Alleged revelations from Our Lady to a Costa Rican woman that call for the use of essential oils to prevent infection by the coronavirus have gone viral on the Internet. What should Catholics make of revelations such as these?
LB writes: “Is praying a novena to this saint okay? I’ve read different things about leaving an offering of pound cake and that some people that practice voodoo pray to this saint. So that concerns me and I don’t want to invite the wrong things into my life. I know he has a huge following in Brazil, but given that I’ve read different things about this saint, I wanted to be sure. Is he not considered a true saint because there is no historical record of an actual date of death? Please advise.”
After winning his sixth Super Bowl, it’s safe to say that Patriots quarterback Tom Brady knows how to win a lot of football games. But he doesn’t rely on grueling practices and tough workouts alone. Brady says he also relies on superstitious practices gleaned from his wife’s witchcraft to get ready for big games.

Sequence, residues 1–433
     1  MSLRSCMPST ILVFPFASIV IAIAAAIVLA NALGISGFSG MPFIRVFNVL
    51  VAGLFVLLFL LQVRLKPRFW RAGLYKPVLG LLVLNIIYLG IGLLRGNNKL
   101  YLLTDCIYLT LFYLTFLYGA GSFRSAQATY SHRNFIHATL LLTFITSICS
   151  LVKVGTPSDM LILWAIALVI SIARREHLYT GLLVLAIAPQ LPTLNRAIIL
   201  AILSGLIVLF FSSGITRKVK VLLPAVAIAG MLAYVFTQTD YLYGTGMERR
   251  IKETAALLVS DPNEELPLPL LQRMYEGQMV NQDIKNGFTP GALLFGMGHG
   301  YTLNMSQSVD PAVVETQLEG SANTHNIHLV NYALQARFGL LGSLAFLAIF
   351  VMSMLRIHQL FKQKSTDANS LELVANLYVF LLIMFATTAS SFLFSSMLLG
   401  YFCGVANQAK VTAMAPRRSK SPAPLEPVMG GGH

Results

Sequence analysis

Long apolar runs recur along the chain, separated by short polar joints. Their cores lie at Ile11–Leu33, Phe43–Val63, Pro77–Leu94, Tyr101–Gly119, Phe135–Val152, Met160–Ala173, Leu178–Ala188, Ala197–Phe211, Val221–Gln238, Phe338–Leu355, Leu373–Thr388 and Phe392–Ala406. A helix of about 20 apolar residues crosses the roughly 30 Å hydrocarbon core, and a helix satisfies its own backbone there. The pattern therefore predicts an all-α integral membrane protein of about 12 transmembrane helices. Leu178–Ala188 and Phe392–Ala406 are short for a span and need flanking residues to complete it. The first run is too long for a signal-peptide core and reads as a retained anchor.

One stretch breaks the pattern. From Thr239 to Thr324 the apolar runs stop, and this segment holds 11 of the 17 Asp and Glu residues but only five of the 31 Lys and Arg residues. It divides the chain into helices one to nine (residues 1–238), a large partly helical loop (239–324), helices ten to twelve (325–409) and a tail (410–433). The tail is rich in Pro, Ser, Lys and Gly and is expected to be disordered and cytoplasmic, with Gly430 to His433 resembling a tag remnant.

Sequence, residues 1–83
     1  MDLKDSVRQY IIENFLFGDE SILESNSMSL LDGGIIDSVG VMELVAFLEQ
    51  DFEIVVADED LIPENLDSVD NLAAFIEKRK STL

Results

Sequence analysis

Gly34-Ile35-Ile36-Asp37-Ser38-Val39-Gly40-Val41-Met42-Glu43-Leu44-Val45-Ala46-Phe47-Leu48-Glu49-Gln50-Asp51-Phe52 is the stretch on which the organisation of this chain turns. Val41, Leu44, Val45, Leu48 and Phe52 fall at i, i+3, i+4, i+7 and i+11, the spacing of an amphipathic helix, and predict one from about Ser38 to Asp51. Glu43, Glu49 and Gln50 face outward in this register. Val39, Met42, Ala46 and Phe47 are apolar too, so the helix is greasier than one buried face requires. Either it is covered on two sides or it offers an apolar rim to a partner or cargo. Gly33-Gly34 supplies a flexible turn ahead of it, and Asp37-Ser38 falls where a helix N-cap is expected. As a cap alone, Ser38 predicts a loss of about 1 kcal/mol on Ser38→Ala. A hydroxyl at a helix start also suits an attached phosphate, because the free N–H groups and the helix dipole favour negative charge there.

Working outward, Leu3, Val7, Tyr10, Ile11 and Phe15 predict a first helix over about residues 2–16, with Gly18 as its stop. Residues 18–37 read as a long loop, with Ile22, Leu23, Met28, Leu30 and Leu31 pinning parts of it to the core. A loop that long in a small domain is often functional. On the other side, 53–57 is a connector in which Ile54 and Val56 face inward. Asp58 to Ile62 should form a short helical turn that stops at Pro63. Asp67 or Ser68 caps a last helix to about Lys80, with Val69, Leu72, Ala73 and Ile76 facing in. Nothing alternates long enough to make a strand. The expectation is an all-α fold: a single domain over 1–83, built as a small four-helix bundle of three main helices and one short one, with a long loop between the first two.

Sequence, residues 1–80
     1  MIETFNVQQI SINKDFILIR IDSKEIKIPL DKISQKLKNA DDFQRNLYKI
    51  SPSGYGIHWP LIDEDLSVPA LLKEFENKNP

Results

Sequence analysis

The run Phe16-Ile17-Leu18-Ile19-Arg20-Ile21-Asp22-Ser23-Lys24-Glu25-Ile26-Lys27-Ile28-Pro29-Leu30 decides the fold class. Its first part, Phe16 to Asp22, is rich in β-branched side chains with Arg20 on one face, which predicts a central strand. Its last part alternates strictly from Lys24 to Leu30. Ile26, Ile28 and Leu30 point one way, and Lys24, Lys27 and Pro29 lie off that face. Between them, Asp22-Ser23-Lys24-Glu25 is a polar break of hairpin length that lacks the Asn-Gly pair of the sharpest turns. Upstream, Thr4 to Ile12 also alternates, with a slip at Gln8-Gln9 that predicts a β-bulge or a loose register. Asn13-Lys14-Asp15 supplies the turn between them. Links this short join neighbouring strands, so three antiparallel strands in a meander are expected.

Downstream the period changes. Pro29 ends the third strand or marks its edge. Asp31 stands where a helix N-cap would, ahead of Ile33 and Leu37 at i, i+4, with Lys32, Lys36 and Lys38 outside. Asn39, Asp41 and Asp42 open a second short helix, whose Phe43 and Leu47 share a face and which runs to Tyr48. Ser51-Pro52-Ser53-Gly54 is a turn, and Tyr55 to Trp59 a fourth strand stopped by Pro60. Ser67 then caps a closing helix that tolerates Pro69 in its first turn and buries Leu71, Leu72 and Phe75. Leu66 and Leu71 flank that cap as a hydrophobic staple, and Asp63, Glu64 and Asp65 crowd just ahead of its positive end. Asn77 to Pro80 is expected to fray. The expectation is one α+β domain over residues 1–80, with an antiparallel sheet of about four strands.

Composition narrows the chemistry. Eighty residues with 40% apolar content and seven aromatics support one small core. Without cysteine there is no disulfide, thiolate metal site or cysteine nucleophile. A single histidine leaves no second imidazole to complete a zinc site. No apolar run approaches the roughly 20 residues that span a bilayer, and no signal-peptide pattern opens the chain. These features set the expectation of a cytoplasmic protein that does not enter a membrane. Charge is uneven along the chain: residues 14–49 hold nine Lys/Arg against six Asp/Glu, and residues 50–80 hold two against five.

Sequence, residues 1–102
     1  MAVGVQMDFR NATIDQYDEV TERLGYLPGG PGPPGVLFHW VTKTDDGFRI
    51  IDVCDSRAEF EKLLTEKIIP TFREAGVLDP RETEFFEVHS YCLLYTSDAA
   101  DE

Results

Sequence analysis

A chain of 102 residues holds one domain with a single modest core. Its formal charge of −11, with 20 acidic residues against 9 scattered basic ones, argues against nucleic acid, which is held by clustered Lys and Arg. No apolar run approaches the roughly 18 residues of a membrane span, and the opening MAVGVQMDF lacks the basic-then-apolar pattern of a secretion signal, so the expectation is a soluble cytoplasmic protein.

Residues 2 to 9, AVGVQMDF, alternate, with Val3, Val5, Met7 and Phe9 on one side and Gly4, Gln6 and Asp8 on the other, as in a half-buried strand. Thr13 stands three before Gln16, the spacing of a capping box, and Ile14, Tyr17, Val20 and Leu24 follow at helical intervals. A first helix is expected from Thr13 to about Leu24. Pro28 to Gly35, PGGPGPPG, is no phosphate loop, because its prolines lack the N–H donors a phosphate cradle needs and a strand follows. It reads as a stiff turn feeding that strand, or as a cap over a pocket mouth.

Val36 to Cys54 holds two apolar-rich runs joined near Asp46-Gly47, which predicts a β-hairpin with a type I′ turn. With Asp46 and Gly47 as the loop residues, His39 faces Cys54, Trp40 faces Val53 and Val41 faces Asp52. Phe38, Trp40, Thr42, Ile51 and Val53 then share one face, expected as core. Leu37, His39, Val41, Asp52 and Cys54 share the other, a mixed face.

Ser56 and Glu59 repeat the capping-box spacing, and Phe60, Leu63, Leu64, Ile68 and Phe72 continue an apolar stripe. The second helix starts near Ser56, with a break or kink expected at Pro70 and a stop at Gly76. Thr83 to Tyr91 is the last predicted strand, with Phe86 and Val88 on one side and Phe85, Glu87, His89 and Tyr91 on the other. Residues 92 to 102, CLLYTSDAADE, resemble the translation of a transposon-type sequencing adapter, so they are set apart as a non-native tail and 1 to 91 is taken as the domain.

CF writes: “I am a little concerned about the ‘Irish fairy door’ that turns colors and takes your ‘worry’ away. This is how it is advertised: ‘Bring a Little Magic Into Your Home With A Fairy Of Your Very Own’. Can you tell me more about this toy company?”
DD asks: “Is there any truth to the belief that the play, Macbeth, was once cursed by a coven of witches, which is why there are so many accidents during productions of the play?”
This is not the first time a reader wrote to this blog to complain about their child being introduced to a superstitious practice known as “worry dolls” in school. But this time the parent is allowing us to publish their account of exactly what happened.